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Why adding Jarvis Landry could be the final piece of a nightmarish Saints offense for opponents

The addition of Landry solidifies a versatile receiver room.

NFL: Cleveland Browns at Pittsburgh Steelers Philip G. Pavely-USA TODAY Sports

Bring em’ home!

Just when you thought things couldn’t get any more exciting for New Orleans Saints fans after signing New Orleans’ own Tyrann Mathieu, the team made a splash addition with adding another familiar face from the state of Louisiana.

Jarvis “Juice” Landry, a Louisiana high school football and LSU legend is returning home to play for the team he grew up watching as a kid. A move that has sent the city of New Orleans in shambles... in a positive way.

The signing of Landry makes the Saints receiver room the most complete it has been since Thomas, Cooks and Snead were together now 7 years ago. Not only because of his production over the course of his career, but because of the different dynamics the team now has at the position.

The team now has three legitimate threats at the receiver with each providing their own unique skill sets on offense. Michael Thomas is your high volume, big and physical X receiver who is THE guy on your team. Chris Olave, a silky-smooth route runner, who has the speed to beat you deep but can also throttle down in a moment's notice to catch defensive backs (literally) slipping on outs and comeback routes as well. He would be your traditional Z receiver but of course things are interchangeable in this offense.

What does Jarvis Landry bring to the table? A fearless, physical, sure-handed slot guy though excels at any spot on the field. A crafty route runner and a dominant middle of the field target who prides himself on being the toughest, most competitive guy on the field. He is also very versatile and can be moved all over formations set up to either get him the ball in space as he is great at fighting for YAC yards.

Oh yeah... And he can throw the heck out of the football...

Let’s go breakdown some of Landry’s best plays to show why he was the last remaining piece of what could be a juggernaut of a Saints offense.

The role that Landry will be most prominent in within this offense is at slot receiver. A spot the Saints have lacked for the past few seasons. Landry has a great understanding of how to work the middle of the field. Whether it be in man or zone, Landry’s ability to be quarterback friendly and know exactly when to snap his head around for the football is what sticks out to me.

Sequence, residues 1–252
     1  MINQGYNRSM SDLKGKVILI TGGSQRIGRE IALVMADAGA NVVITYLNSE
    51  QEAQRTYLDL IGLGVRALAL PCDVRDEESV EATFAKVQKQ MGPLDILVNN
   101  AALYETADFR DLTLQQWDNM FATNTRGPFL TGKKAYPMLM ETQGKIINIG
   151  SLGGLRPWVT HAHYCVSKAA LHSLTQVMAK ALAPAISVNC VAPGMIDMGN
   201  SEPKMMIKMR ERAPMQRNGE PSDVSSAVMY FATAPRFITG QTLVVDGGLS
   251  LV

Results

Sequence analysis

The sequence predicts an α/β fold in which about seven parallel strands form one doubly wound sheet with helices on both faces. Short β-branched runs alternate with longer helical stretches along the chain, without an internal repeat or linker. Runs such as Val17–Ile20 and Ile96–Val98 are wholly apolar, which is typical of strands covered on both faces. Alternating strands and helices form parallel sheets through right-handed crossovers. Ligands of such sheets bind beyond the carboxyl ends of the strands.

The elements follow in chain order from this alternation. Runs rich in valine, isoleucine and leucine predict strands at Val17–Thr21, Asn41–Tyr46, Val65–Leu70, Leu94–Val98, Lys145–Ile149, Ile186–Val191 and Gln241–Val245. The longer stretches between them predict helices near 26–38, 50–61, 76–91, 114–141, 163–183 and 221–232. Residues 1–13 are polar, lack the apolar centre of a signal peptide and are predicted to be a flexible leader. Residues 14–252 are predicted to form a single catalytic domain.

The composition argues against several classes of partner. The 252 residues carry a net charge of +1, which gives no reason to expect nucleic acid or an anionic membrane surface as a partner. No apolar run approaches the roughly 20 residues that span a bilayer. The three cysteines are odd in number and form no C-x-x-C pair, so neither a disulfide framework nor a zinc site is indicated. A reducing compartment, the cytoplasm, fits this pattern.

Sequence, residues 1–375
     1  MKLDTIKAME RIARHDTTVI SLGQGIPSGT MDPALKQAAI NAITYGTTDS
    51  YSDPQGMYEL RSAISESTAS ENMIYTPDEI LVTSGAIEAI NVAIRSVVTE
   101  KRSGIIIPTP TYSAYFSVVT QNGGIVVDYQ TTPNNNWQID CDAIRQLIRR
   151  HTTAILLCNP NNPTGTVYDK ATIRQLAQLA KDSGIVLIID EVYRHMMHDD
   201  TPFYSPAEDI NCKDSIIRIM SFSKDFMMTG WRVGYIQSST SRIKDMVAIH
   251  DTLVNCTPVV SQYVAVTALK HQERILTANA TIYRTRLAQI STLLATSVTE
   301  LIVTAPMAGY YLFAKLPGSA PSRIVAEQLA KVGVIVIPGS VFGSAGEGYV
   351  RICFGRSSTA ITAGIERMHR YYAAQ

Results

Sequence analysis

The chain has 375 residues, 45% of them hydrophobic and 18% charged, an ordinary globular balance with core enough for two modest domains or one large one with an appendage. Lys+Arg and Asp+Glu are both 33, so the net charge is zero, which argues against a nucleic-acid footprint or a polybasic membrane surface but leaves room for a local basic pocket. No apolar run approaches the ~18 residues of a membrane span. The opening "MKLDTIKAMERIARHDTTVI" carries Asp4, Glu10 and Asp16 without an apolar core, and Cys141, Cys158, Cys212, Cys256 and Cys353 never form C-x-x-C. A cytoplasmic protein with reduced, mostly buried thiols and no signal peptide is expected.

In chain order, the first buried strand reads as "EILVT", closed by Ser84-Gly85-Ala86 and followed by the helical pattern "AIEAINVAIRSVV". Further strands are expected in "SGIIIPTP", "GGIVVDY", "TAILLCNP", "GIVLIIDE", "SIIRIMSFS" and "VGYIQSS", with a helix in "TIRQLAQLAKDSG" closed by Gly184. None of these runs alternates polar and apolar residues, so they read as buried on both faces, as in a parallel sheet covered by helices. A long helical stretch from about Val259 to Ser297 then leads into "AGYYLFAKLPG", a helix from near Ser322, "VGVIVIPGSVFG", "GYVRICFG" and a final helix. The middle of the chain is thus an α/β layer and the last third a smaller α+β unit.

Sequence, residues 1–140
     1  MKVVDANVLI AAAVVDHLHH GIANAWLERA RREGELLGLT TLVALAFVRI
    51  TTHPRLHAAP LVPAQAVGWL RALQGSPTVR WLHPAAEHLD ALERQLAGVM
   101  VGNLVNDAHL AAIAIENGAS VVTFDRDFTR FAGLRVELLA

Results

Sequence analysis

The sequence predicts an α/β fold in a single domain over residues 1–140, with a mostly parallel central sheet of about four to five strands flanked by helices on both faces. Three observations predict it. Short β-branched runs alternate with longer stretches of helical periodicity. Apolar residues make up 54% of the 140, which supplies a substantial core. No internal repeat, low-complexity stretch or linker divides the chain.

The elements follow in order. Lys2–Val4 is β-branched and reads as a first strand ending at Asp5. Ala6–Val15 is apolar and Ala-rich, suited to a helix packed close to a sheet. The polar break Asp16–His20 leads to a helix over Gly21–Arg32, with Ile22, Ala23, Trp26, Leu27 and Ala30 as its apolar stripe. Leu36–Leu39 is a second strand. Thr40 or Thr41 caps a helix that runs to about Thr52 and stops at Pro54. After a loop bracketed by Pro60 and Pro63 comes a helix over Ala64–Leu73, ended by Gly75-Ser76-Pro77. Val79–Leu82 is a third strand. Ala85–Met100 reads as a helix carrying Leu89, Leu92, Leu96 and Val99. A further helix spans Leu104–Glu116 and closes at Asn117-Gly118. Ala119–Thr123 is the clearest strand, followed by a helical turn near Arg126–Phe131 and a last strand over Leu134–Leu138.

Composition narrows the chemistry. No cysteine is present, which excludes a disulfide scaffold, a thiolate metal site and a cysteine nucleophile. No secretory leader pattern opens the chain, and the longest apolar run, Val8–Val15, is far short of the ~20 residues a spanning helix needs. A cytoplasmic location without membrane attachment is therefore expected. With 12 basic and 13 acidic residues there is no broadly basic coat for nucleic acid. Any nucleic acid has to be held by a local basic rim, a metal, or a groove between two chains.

On this play, Landry uses his patience to set up T.J. Watt. As soon as he breaks, Landry knows he is getting the football.

Here, Landry runs a basic (in route) but feels linebacker Patrick Queen forcing him into the coverage. Landry feels exactly this and angles back to the football (quarterback friendly) to set up a 58-yard catch and run.

Another great play. Landry does a fine job of not allowing the linebacker to shield him off and ultimately gets over top of him. Once he does that, he snaps his head around quickly and the ball is right on him.

Now let’s talk about his utilization. It is not talked about as much around the league, but Landry could very well be viewed in a similar fashion as Niners’ Deebo Samuel. Landry has done some of his finest work as a gadget player, who can move the chains from behind the line of scrimmage.

These few plays show the unique ways that you can get Landry the football while still being as productive.

You can tell he is very comfortable having the ball in his hands. Similar to a running backs style of play.

Here is one where he is actually placed at running back.

This type of versatility can allow the Saints to get more creative on offense implementing Landry anyway they can.

Do not get it twisted either. Landry makes a ton of plays outside.

He is not the type to threaten you deep on the perimeter but the precision in his footwork and his superb body control makes up for it every time.

That might sound very similar to number thirteen in which Landry noted their similarities in each other's games during his press conference.

Here you can see how crafty and patient Landry is at the line of scrimmage, really taking his time to set up the Patrick Surtain Jr. Once off the line, Landry finds out he is not going to win deep so he looks early for a back shoulder throw. Landry then gives a last second turn to keep Surtain out of position so he can secure the catch.

Again you can see his patience as he presses the corner up field and then his sudden snap off to create separation.

Landry understands his own game. And that might be his best trait...

The addition of Landry allows Saints fans to take a deep breath and smile. The occurrences of last season at the receiver position will now certainly be a thing of no worries. Having multi-dimensional pieces at receiver with the counterpunch of Alvin Kamara in the backfield should have defensive coordinators sleeping with one eye open. If all goes right at the quarterback position, we could see one of the most explosive Saints offenses that we have seen in quite some time.

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